Migraine Trigger: Inflammation

Migraine Trigger: Inflammation

Five reasons why inflammation triggers migraines:

1. Migraineurs are Inflamed

Research shows that migraines are associated with increased levels of inflammation (study link).

2. Inflammation ↔ Oxidative Stress ↔ Migraines

Inflammation both increases oxidative stress and is increased by oxidative stress (study link).

Oxidative stress is associated with migraines and nearly all migraine triggers (full article). You can see how this cycle can spiral out of control.

3. Inflammation Releases CGRP

The latest research has found that migraines are triggered by something called a calcitonin gene-related peptide (CGRP) (study link).

The next generation migraine drug blocks CGRP and is shaping up to be the most successful migraine medication ever developed (study link).

CGRP is released as a result of inflammation and oxidative stress (study link).

4. Increased Glutamate

Inflammation can trigger excessive amounts of the migraine trigger glutamate (study 1, 2).

5. Top Headache Triggers Inflame

Inflammation is associated with the top headache triggers and numerous conditions linked to migraines (book link).

Anti-inflammatory medications are common migraine treatments.

Food and Inflammation

Food allergens are a dangerous source of inflammation.

Migraine sufferers are much more likely to have gut inflammation and those with gut inflammation are more likely to have migraines (article link).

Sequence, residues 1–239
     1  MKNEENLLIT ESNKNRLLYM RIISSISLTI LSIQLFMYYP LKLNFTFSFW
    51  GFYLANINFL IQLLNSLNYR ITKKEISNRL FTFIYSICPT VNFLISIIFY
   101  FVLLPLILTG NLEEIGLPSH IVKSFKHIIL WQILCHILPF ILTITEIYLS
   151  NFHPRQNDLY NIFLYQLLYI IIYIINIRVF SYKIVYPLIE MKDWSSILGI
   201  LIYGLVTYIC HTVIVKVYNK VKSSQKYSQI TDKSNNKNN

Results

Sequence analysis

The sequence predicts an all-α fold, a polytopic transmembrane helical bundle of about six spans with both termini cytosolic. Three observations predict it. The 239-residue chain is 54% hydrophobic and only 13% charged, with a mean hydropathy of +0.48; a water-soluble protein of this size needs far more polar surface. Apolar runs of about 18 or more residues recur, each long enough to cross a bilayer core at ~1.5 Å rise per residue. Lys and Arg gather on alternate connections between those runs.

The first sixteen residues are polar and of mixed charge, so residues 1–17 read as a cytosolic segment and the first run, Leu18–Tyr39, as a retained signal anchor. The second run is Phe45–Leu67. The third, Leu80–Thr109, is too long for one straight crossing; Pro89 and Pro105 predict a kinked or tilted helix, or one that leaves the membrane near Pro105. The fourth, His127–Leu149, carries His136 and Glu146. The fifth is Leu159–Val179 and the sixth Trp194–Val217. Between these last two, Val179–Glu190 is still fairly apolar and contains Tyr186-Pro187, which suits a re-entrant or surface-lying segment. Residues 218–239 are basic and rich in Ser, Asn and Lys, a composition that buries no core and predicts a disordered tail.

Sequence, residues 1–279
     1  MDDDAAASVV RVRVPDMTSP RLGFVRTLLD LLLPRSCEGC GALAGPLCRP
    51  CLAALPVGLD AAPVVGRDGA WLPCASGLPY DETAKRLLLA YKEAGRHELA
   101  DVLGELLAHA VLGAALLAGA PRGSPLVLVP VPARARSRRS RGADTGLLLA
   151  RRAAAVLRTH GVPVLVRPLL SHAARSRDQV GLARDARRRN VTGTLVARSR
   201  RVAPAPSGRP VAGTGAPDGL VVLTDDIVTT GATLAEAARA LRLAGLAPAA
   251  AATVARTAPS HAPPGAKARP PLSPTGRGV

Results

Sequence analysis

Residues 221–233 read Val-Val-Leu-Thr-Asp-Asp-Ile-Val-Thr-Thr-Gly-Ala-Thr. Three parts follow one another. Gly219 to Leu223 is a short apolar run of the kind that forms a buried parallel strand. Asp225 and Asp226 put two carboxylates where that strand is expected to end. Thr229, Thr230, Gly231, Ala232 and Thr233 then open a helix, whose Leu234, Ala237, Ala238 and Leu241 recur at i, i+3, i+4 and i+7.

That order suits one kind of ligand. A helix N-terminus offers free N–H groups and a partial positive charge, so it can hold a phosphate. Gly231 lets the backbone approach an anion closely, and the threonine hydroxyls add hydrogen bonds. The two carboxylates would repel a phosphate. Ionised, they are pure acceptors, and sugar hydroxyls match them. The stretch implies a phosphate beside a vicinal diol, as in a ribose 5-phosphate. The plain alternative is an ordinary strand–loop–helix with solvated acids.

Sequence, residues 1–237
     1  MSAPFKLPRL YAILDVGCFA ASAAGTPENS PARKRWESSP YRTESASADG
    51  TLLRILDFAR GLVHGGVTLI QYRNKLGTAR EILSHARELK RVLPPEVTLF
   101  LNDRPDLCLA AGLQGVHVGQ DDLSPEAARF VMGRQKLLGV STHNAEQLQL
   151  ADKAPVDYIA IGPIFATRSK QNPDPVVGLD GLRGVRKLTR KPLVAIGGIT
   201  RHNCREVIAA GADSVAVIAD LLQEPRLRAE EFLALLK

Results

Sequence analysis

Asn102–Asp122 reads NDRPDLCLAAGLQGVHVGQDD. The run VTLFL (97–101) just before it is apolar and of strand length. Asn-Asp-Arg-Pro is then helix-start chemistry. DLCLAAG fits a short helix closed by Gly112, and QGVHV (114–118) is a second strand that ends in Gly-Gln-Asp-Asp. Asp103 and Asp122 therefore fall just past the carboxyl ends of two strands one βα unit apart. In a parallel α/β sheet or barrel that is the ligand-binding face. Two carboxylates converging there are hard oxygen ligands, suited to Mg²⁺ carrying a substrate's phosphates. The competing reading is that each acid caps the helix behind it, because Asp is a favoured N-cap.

Inflammation in the gut makes it harder to digest the nutrients that prevent migraines and break down migraine triggers.

The most successful studies on completely eliminating migraines have come from reducing food triggers (article link).

Research shows that reducing food triggers can even stop other sources of inflammation from triggering migraines, such as stress, smoke, or perfume.

This goes both ways. The inflammation from stress could also make foods more likely to trigger migraines (article link).

It’s an Accumulation that Triggers Migraines

The headache threshold can be broken by an accumulation of inflammation from headache triggers.

It’s like filling up a cup with water. The goal is to reduce the total level of inflammation so the threshold doesn’t get to the top of that cup, spill over, and trigger a headache or migraine.

This is not medical advice, diagnosis, or treatment. Read the disclaimer.

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